Last Week: 18.25 miles
Avg min/mile: 11:08
Miles Left:899.47

Date Mileage Ran Total Mileage Mileage Left
2/8 3.37 100.53 899.47
2/7 4.5 97.16 902.84
2/6 4.99 92.66 907.34
2/6 2.75 87.67 912.33
2/5 7.34 84.92 915.08

Anyone else doing a challenge like this? Let me know how it is going, very interested in hearing about it. Follow more on my journey to 1,000 miles: 1000 Miles in 2018.

Week 5 – 1000 Miles Challenge

Do it for the Mountains!

Week 5 didn’t go as well, but at least I still got 3 days of running in.  I’m not feeling as sore all the time like the 4 first weeks.  2 of my runs were in the gym and 1 one outside.  I actually like my Friday runs outside, feels so nice.  It was one of those mist days where it was coming in fast and I actually like those days because you’re so hot from running.

I didn’t quite hit 20 miles last week, but I will make up for that during week 6 I promised myself.  I also still have yet to get an average under 11 minutes per mile for the week.  Maybe next week – we’ll see; on the longer runs I like to take it slow in the beginning so I can last.  I was able to beat my average minutes per mile over last week. I’d like to keep that up through the entire year.

Goals next week:
1. Pass 100 Miles total
2. 25 miles running
3. 3 runs outdoors

STATS
This Week: 18.25 miles
Last Week: 32.66 miles
Avg min/mile: 11:20
Miles Left: 922.42

Date Mileage Ran Total Mileage Mileage Left
2/2 6.65 77.58 922.42
1/31 5.5 70.93 929.07
1/30 6.1 65.43 934.57

Anyone else doing a challenge like this? Let me know how it is going, very interested in hearing about it. Follow more on my journey to 1,000 miles: 1000 Miles in 2018.

Week 4 – 1000 Miles Challenge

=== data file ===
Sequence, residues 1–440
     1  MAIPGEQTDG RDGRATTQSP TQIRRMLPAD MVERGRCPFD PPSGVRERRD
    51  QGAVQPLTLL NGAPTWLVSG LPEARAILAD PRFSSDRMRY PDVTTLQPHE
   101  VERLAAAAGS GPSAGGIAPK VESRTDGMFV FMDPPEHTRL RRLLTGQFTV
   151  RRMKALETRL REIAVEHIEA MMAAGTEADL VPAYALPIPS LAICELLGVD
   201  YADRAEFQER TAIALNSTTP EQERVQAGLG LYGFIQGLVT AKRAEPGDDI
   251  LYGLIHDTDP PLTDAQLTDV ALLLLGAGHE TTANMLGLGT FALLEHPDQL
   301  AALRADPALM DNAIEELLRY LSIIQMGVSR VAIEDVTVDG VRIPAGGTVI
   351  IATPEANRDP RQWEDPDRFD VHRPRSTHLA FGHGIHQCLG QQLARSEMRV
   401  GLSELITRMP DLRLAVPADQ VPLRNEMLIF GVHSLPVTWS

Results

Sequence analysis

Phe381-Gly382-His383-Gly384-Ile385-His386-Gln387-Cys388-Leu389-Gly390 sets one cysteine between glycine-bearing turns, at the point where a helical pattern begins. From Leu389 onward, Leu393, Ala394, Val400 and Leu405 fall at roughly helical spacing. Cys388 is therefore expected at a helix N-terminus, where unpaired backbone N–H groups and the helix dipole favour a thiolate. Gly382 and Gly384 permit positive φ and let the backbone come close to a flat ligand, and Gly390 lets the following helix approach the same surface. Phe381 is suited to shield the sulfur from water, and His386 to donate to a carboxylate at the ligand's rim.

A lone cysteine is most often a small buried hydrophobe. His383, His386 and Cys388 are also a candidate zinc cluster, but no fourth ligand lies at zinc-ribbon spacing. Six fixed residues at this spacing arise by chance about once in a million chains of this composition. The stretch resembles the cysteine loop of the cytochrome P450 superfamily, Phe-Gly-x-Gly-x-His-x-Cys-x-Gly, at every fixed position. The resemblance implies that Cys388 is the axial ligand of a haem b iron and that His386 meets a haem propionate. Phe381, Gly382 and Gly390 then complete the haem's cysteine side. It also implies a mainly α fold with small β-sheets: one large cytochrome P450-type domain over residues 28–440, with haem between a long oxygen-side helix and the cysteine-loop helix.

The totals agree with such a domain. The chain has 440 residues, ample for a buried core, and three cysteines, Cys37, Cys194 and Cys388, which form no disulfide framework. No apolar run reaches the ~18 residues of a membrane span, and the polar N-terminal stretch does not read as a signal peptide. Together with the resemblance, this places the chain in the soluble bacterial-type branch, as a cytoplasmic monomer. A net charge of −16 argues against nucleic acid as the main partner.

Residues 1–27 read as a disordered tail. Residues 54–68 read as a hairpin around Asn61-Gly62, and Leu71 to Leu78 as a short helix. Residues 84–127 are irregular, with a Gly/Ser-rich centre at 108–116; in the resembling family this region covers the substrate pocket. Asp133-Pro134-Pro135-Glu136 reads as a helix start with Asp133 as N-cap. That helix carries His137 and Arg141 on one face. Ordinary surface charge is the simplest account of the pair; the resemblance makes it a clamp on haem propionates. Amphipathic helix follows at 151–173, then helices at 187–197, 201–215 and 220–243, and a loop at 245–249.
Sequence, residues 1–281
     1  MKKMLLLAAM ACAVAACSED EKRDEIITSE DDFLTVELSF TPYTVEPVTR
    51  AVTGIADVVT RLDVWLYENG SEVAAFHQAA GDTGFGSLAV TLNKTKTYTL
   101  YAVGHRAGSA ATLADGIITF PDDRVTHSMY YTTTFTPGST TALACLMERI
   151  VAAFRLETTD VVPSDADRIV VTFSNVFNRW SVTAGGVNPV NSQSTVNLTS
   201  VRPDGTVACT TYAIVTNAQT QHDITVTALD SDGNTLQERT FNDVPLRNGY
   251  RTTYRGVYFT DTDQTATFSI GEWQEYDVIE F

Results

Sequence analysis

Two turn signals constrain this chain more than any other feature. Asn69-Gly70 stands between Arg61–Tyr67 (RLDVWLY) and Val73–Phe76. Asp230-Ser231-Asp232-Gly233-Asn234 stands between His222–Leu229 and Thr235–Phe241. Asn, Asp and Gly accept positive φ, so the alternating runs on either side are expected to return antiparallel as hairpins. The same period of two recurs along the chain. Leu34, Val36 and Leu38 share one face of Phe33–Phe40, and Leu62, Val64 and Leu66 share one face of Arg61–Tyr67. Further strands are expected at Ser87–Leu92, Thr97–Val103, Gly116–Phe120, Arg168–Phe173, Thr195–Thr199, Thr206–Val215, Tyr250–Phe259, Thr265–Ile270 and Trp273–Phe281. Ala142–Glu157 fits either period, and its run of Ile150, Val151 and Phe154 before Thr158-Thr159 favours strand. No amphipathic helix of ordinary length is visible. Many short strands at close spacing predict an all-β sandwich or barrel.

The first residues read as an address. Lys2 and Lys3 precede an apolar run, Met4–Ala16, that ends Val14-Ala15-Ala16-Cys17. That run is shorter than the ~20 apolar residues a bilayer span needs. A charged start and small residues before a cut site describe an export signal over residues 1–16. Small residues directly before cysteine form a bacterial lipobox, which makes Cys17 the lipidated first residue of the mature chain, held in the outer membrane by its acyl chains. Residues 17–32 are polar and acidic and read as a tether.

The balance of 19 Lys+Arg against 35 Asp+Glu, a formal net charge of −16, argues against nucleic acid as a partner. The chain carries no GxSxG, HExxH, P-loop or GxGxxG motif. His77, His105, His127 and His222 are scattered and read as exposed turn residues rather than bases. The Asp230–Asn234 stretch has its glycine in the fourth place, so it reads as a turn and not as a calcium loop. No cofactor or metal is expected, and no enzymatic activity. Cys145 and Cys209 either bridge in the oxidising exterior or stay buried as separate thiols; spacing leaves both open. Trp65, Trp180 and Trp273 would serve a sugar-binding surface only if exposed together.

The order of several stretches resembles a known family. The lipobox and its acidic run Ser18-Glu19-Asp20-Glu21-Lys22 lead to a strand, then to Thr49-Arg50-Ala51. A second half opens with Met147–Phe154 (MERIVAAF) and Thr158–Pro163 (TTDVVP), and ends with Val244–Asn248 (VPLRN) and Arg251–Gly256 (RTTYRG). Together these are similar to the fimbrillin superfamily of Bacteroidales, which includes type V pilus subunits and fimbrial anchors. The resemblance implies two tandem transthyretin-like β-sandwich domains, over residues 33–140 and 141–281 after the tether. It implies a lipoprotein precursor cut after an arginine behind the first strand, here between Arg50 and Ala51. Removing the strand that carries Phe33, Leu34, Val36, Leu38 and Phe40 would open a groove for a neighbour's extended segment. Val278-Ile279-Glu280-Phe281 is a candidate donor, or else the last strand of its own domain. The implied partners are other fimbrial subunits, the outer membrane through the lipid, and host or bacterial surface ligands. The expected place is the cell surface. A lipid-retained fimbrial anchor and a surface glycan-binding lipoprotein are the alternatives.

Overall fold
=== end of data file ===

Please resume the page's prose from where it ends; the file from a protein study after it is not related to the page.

Week 4 was a turnaround week. I killed it on Monday and Tuesday. Wednesday I was gong to take the day off, but my sister pushed me to run at least 3 miles. I pulled through and did the 3 miles on the treadmill, which I have no idea how because I was feeling absolutely dead and sore everywhere. I honestly think it would have been much easier outdoors because I kept looking at the mileage and the time. We made a pact that days we’re supposed to run, but are dead we would run 3 miles to keep our muscles stimulated. I was thinking about writing a blog on muscle soreness and good habits to pick up to help it. Thursday, Friday and Saturday went much easier and I took Sunday off to recover. I’ll be back on the trail on Monday with at least 3 miles.

Two weeks ago I had a goal: run 20 miles within a week; I hit that goal on Thursday! I also achieved the fastest min/mile average on Thursday afternoon when I didn’t even want to go for a run with my average being just under 11 minutes per mile. Goal this coming week is run above 25 miles for the week. Next training goal is to obtain a 10:45/min or under average per mile.

I simply have to remember that if I train hard, my hikes that I plan to do this summer and challenges will be a lot easier. Do it for the mountains! Do it for the challenges! I think I just came up with the motto for this whole 1000 Miles Challenge.

Do it for the Mountains!

STATS
This Week: 32.66 miles
Last Week: 11.03 miles
Avg min/mile: 11:39

Date Mileage Ran Total Mileage Mileage Left
1/27 5.04 59.33 940.67
1/26 6.34 54.29 945.71
1/25 4.97 47.86 952.14
1/24 3.14 42.89 957.11
1/23 6.04 39.75 960.25
1/22 7.04 33.71 966.29

Anyone else doing a challenge like this? Let me know how it is going, very interested in hearing about it. Follow more on my journey to 1,000 miles: 1000 Miles in 2018.